WHY TWITTER ISN’T GOING AWAY

There’s beeen a lot of talk recently about the death of Twitter. This year’s Q3 Letter to Shareholders announced a 9 percent workforce reduction and the shuttering of “non-core” features. Vine, Twitter’s six-second video platform loved by fans of stop-motion photography (and almost no one else), will close just three years after launch.

With 85 cents in every dollar spent in the US on online advertising now swallowed up by Facebook and Google, Twitter’s chances of becoming a digital media giant look remote. Google, Salesforce and Disney have all been reported to have turned down the chance to buy the company which has lost 40 percent of its value over the last twelve months.

These look like grim times for the microblogging platform and for the people who love it.

But look a little closer and the picture looks much rosier, and not just because it’s impossible now to imagine a world without hashtags, @usernames, angry tweets posted directly by presidential candidates and breaking news reported in 140 characters before they make the news channels.

Look away from Facebook, and the financials aren’t terrible. Twitter’s Q3 revenues of $616 million beat analysts’ predictions of $606 million. Helped by an increase of 4 million monthly active users since the second quarter, to reach 317 million users, the company’s share price rose by 4 percent at the end of October.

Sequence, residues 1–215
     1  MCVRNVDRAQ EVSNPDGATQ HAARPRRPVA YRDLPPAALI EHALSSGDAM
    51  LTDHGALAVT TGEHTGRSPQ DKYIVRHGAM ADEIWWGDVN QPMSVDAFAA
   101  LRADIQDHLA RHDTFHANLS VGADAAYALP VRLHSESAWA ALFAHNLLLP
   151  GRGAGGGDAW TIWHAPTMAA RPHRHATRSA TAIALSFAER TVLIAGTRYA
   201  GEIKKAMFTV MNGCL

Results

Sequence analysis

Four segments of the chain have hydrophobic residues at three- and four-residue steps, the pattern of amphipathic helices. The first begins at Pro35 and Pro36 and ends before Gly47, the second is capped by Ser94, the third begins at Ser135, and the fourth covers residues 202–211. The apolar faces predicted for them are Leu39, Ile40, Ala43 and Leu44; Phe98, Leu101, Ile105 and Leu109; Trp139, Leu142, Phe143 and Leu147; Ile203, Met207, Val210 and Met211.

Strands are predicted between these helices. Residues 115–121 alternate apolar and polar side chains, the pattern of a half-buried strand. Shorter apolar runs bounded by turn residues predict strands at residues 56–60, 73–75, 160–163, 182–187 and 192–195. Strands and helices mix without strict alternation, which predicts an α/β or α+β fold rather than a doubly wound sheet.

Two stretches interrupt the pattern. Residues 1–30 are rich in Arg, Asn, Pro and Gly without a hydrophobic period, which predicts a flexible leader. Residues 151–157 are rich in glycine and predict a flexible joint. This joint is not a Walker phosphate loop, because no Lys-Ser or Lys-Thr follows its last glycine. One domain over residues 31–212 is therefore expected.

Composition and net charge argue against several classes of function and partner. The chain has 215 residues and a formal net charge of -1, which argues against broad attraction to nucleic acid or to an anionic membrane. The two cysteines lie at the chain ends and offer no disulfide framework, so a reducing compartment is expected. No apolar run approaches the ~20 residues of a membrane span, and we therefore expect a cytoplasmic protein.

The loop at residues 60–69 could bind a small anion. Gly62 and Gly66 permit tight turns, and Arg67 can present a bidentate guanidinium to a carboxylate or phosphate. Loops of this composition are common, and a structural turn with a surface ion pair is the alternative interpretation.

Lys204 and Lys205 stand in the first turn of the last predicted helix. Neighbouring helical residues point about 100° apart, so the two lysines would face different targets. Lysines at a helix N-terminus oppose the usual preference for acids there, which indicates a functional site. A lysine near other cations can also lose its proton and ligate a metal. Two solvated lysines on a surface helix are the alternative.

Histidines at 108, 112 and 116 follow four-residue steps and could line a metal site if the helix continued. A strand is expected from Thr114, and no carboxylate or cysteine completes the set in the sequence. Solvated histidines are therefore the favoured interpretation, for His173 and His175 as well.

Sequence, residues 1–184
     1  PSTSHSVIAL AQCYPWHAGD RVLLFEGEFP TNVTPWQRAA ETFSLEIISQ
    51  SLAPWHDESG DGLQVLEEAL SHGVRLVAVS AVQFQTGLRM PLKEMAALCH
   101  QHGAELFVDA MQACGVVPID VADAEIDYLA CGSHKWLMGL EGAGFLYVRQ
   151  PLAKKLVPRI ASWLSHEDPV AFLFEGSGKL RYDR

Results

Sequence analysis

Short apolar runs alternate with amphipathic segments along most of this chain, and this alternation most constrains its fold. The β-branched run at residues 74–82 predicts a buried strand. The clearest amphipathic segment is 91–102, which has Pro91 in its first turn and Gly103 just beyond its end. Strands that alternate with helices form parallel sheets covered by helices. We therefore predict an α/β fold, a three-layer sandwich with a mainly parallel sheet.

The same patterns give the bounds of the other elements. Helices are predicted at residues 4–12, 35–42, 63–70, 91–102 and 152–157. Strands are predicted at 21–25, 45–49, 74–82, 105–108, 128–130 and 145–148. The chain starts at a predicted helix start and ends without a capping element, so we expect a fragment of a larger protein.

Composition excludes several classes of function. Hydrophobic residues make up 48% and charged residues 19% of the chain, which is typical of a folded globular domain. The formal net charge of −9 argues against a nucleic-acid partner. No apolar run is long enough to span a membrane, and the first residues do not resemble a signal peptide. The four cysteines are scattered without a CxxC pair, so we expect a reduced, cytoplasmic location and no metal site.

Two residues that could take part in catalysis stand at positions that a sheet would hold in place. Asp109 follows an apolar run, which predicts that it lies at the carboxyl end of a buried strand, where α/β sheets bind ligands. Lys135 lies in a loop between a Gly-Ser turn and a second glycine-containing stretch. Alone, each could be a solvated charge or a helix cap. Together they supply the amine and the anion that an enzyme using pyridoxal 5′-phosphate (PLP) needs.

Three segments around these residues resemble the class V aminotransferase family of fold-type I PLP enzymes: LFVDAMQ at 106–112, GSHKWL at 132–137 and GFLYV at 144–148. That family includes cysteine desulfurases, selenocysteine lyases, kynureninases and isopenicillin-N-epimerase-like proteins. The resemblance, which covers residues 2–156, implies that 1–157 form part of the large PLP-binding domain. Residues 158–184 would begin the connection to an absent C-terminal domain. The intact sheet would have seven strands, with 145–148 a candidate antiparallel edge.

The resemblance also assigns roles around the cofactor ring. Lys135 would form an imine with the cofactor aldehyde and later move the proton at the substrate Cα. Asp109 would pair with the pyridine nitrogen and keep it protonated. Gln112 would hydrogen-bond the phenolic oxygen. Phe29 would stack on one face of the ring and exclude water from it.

Investors understand that Twitter might not be as spectacular a success as Facebook has turned out to be but it’s doing fine. The company aims to be profitable in 2017 and some experts are predicting that when Twitter hits the right price, a media company will snatch it up.

The company is already in the right place for that to happen. Twitter’s partnership with NFL Thursday Night Football is turning a spectator sport into a participation sport. Viewers with smart TVs can watch comments posted on Twitter on the side of the screen and can join the conversation about a shared experience in real time. The company has reported audience growth week-by-week. The live streams of Bloomberg Politics’ presidential debates were also a success. Viewing figures increased by 30 percent after the first debate and reached 3.3 million unique viewers.

Periscope has been around longer than Facebook Live and is in a prime position to make the most of the rise in live video content; for the last two quarters, video has been Twitter’s top revenue generating ad format. Able to offer premium live content and conversation with a large audience targeted with precision, Twitter has seen strong advertiser demand across both video and live streaming ad formats. “This is just the start of what we believe will be a long-term shift away from desktop video to premium mobile video,” the company said.

I believe Periscope should just be called Twitter Live, and Twitter should make a push to become a broadcast channel that encourages people to engage with shows, brands and personalities. Of course, the current conversation should continue.

The world needs a place where everyone can congregate and share their views with hashtags and @replies. Brands need a forum on which millions of users discuss their marketing messages and talk about their products in real time. And one media company will eventually decide that it can benefit from owning the platform on which those live discussions are taking place.

Twitter isn’t going anywhere.


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